The Titus 2 Woman
We hear a lot about the Proverbs 31 woman, and rightly so. She is an example of excellence in managing a household.
We hear less about the Titus 2 woman though. While “she” is just instructions for women, they are instructions for women. I decided to write this series a while back, but with so little extra time it has just been on the back burner.
I recently did a short study on Titus with some ladies from church and it really got me digging deep into the word. Studying the words. Now I am just going to try to get all of my Bible study notes into something readable.
Please grab your tea (or coffee if you drink it) and get comfy. This will be more than one post, and part of it will be guest posted.
Before we jump in, please take a few minutes to pray and read over Titus. At 3 short chapters, it is not too hard to do.
Qualifications for elders, instructions for the young and old, and instructions for godly living make up the bulk of Titus.
Titus has traveled with Paul, and delivered other letters. He was a gentile believe, and even went to Jerusalem with Paul as an example of the non-Jewish Christians (Galatians 2:1-4). Titus is in Crete, helping set up the new church.
Laying the Groundwork
I am not doing too much of the word-study stuff with the text preceding Titus 2:3-5, but I do want to go back to before the “but” and “likewise” (which means that what comes before it related).
Paul give instructions for the qualification of elders. He goes on to Titus 1:15-16, which is where we will pickup.
To the pure, all things are pure; but to those who are defiled and unbelieving, nothing is pure, but both their mind and their conscience are defiled.
They profess to know God, but by their deeds they deny Him, being detestable and disobedient and worthless for any good deed.
Titus 1:15-16 NASB
Over and over in Scripture makes it clear that our actions speak louder than words (Matthew 5:16; 7:21-23, 1 John 3:18, James 1:22; 2:17; 3:13 to name a few). Here it makes it pretty clear.
I found this challenging to me. Have I let my mind become defiled? Do my deeds line up with what I say?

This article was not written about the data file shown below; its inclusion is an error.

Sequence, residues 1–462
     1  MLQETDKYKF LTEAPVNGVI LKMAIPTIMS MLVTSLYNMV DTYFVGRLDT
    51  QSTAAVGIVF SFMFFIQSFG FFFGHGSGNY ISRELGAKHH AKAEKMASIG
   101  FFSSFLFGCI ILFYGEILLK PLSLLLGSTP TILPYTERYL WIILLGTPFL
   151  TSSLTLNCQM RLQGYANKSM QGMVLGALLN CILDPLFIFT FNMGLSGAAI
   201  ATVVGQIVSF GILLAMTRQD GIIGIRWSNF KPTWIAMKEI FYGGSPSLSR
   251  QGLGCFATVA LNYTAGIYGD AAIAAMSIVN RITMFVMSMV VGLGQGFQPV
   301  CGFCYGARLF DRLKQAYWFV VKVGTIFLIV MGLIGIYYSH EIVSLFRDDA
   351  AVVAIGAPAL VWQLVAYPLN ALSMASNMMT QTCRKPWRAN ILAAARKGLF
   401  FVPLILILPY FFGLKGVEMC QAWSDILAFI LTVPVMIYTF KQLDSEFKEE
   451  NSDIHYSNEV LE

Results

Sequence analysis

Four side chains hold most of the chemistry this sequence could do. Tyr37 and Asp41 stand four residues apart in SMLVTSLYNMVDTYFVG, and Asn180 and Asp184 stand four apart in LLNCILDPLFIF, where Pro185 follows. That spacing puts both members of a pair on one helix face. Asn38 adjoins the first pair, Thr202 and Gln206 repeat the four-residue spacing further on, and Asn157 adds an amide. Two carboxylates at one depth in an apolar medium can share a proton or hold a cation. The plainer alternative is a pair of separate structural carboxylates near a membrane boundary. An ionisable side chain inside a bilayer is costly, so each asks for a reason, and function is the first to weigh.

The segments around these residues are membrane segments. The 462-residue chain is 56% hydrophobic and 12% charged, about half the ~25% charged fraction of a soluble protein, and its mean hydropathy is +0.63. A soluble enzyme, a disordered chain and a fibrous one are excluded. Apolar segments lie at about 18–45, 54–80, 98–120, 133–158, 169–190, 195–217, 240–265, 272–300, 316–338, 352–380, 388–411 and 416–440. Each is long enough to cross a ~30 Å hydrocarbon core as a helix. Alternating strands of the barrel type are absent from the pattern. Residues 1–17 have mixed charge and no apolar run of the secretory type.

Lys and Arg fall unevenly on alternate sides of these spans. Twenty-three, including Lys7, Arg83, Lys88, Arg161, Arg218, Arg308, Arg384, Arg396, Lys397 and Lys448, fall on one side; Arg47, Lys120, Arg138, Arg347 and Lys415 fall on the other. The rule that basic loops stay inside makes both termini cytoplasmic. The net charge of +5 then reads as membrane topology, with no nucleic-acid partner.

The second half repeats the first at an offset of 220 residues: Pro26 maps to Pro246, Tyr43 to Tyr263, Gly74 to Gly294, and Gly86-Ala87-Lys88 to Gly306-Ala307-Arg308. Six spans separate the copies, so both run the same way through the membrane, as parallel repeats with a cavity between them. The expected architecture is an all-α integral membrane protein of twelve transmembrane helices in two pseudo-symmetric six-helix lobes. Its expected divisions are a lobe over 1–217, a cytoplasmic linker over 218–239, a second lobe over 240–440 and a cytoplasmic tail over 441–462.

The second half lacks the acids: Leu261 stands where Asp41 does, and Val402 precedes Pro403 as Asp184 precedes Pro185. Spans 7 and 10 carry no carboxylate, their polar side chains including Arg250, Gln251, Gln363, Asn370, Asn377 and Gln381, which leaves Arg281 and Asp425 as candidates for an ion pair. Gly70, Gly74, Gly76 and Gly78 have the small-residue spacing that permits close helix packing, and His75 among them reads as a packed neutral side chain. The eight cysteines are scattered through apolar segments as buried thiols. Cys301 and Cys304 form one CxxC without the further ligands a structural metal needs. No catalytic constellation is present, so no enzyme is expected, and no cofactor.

But as for you, speak the things which are fitting for sound doctrine.
Older men are to be temperate, dignified, sensible, sound in faith, in love, in perseverance.
The word used for older here translates to:
an old man, an aged man
As Christians, we are all ambassadors of Christ. I need to be more mindful of that fact.
The word used for sensible is sōphrōn, which translates to:
of a sound mind, sane, in one’s senses
curbing one’s desires and impulses, self-controlled, temperate
Am I self-controlled?
The word used for sound translates:
to be sound, to be well, to be in good health
of Christians whose opinions are free from any mixture of error
of one who keeps the graces and is strong
Do I allow anything other than God to mix into my walk? I have shared that What You Eat Matters, am I letting in things that are contrary to God’s word?
The Titus 2 Woman
Older women likewise are to be reverent in their behavior, not malicious gossips nor enslaved to much wine, teaching what is good, so that they may encourage the young women to love their husbands, to love their children, to be sensible, pure, workers at home, kind, being subject to their own husbands, so that the word of God will not be dishonored.
Women are to likewise be reverent in their behavior.
What does that even mean?
The word used for reverent is hieroprepēs, which translates “as becoming or befitting for one of God”.